Introductory facts about revivalists movements in Romania
In most of the communist countries the activity of revivalist movements was forbidden, many of their older members being imprisoned. After the collapse of the communist regimes these movements have become a common experience for the historical churches in the postcommunist period in Romania.
Their emergence constitutes a challenge for the churches that was unknown for decades. The activity of these movements led to new conflicts on the one hand between groups of laymen with greater religious expectations and religious experts, and
between religious experts who accept to lead these lay-initiatives and the rest of the clergy on the other.
Such reform movements could be initiated by certain groups of the clergy as well, their success being strengthened if certain lay groups join them.
The following research results consist of investigating the existent literature about God’s Army combined with qualitative analysis, namely 5 explorative interviews and observation where I have managed to get a general insight into and about the associations’ activity. The interviewed persons are members of the movement (the priest who coordinates the activity at
the regional level, namely in Cluj Region, 3 laymen – two males and one female) and one person from the hierarchy of the Orthodox Church at diocesan level. The qualitative research is not finished. The research covers only the parish “St. Elijah” from Cluj-Napoca, where the local members of God’s Army gather.
Short history of “God’s Army” movement
Establishment year: in 1923 the spiritual movement God’s Army was founded. The foundation of this movement is closely tied with the figure of P. Iosif Trifa and his publication of “The calling to a new life in Christ”, published in the first number of the weekly newspaper Light of Villages from 1923. The organization gathers in only few years a large number of members, actively engaged in fighting abusive language and alcoholism (the main fighting areas of the Movement).1 In 1938, according to contemporary voices, the organisation has gathered 300 000 members inside the country and also abroad.2
Founder: Fr. Iosif Trifa was an orthodox priest, born on 3 March 1888 in the Region of Turda. He was an active publisher in the press of the time, namely before and after the First World War. In his articles he was preoccupied about the sufferings of his fellow countrymen.3 In 1922 publishes his first meditation book “On the way to Canaan”, which can
be charachterized as a harsh criticism on bolschewism. In 1922 he was appointed as chief editor of the weekly newspaper “Light of Villages” and from the beginning he clearly sets the goals of this periodical: “The advices and guidances of this periodical will fit with our daily needs in order to strengthen the good habits, in order to help in fulfilling the civic duties and
needs, in youth guidance, for peace maintenance and good understanding among all sons of the Romanian nation.”4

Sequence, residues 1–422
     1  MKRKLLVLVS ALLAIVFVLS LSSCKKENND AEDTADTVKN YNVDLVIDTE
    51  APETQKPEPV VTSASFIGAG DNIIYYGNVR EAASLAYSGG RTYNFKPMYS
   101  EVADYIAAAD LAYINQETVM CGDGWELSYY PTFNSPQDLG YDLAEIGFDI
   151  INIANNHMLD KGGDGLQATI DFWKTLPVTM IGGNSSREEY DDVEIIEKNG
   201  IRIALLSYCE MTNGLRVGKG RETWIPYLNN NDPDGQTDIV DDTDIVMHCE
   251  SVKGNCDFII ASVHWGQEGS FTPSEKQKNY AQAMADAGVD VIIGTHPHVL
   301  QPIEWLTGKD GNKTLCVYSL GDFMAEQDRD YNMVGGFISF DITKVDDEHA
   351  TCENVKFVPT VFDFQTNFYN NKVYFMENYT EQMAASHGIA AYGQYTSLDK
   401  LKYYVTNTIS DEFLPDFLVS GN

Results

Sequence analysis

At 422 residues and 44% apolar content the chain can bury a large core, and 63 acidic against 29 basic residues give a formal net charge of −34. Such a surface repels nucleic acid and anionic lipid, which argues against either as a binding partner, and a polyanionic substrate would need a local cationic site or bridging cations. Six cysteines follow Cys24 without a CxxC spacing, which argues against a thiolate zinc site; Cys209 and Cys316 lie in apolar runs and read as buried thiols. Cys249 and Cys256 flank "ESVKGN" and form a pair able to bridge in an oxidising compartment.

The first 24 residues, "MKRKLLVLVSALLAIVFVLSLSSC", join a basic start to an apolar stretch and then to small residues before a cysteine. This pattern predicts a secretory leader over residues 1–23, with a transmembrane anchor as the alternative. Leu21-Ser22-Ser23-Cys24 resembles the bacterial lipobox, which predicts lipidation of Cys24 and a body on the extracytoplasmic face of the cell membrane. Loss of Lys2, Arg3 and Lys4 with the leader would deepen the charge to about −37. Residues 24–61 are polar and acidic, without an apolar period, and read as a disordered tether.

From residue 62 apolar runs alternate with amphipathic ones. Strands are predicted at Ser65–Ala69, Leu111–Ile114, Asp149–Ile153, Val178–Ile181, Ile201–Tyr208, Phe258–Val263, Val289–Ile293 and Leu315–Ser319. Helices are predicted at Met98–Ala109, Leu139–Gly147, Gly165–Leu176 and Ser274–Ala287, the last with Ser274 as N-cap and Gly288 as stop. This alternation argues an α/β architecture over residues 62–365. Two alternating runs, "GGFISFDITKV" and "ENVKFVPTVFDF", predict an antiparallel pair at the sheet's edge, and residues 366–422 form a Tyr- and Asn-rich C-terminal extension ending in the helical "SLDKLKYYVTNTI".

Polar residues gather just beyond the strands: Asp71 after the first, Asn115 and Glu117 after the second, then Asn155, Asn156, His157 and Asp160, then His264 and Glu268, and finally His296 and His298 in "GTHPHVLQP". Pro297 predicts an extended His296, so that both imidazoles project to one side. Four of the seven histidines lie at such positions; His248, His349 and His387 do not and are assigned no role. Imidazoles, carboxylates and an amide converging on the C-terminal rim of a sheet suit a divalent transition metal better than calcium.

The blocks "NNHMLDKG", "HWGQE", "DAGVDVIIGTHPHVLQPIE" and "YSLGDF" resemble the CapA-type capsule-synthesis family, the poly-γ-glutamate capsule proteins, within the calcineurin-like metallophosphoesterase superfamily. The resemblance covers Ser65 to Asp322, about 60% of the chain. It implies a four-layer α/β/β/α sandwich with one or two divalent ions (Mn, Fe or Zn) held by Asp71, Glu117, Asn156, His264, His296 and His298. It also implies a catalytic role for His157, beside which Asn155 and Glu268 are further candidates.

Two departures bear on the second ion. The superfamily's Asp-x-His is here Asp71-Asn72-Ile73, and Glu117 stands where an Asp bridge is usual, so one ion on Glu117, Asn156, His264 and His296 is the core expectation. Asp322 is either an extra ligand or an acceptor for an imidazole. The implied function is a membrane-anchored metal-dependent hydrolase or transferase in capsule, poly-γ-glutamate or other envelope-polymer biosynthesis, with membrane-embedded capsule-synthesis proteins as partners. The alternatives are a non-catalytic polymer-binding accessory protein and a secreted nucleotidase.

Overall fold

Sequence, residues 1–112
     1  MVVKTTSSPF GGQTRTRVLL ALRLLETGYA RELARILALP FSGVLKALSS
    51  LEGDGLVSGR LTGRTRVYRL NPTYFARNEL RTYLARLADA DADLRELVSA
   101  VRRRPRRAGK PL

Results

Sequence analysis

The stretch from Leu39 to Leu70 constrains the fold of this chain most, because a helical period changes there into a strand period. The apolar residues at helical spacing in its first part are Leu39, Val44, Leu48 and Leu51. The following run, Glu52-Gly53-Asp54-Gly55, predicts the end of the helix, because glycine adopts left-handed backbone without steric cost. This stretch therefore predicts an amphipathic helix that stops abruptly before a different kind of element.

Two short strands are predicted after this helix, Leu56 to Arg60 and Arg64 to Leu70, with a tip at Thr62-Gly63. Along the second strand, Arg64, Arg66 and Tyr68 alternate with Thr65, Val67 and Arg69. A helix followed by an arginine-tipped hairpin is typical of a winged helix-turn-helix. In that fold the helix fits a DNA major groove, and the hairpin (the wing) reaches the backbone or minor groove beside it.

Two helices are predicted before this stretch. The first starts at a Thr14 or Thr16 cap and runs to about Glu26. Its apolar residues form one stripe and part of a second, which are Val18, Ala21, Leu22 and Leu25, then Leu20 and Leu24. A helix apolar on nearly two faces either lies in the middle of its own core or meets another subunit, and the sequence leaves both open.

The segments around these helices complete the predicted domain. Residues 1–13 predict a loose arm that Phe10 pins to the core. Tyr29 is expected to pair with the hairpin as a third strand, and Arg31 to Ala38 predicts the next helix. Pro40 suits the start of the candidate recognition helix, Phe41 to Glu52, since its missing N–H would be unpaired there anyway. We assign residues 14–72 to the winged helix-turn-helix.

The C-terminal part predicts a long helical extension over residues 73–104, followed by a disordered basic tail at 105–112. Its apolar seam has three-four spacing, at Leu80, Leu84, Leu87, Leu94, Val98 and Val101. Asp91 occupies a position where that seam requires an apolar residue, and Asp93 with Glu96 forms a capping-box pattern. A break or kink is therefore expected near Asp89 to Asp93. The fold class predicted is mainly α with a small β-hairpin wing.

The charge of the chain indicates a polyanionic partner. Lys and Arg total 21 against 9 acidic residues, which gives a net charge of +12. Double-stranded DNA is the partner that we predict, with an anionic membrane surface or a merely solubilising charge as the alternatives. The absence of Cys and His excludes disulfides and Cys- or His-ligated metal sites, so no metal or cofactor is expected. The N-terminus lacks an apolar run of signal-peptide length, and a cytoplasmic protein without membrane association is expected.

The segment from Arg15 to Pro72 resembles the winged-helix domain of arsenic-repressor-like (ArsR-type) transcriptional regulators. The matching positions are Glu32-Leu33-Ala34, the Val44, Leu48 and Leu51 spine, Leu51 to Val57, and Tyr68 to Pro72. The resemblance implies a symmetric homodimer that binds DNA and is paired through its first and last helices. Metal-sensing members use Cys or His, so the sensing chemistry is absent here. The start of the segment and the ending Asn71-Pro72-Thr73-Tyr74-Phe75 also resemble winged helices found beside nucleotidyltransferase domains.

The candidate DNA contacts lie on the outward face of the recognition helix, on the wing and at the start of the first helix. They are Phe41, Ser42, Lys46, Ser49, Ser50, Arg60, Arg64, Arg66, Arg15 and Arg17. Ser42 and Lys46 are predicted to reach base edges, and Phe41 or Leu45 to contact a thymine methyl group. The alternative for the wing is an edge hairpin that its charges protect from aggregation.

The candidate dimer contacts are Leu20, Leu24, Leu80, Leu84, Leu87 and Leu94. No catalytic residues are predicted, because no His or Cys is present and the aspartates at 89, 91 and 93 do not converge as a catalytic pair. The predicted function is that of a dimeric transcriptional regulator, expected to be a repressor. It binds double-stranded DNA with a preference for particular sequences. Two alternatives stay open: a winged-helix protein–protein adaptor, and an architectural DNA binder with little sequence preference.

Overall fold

By 1938 Iosif Trifa publishes almost 40 books with religious content (originals or remaking), printed in over one million copies. He also printed over 300 000 copies of calendar books and thousands of orthodox Bibles, dedicated especially to villagers. The aim was to educate this category of population, so that they will learn to read. The “Light of Villages” and from 1930 its supplement “God’s Army” will be printed in a large number of copies, so that around 1935 the number of copies summarized 15 millions sold copies.5
The amplitude of the “Trifa phenomenon” (as it was called at the time) stired up the envy and hatered of his fellow clergy colleagues, and their intrigues will lead to Trifa’s degradation from priesthood in 1935. The publication of the weekly newspaper “Light of Villages” and its supplement God’s Army will be also forbidden.
On 12Th February 1938 after a heart surgery (the eighth) Fr. Trifa passes.
Well reknowned collaborators:
the poet Traian Dorz and the layman Ioan Marini
Cultural, social and historical context for the appearance of “God’s Army”
I. After the First World War:
– The social-economic and moral-spiritual context offered a picture “which didn’t rise to the heroism of this nation and to the destiny which God arranged it”
– A new phenomenon was more and more present, namely the emergergence of new forms of belief, which were considered to be inappropriate for the Romanian religious landscape.
Grounds for the appearance of this movement:
– Around New Years Eve of 1923, Fr. Trifa took a deep insight into the life which he led up to that point, especially his way of living the ministry of priesthood. Profoundly saddened and unsatisfied, he came to the conclusion that his life and that of his fellow countryman wasn’t characterized by prayer and worship, but more of pagan practices. “People were living in distractions and scandalous disorders”.
– Fr. Trifa wanted a spiritual regeneration for the entire Romania. He wroted: “Romania was under humiliating slavery. Our habits are altered… Through poisoned storms…our faith got also poisoned, we lost the love and our hearts filled with the sins’ poison.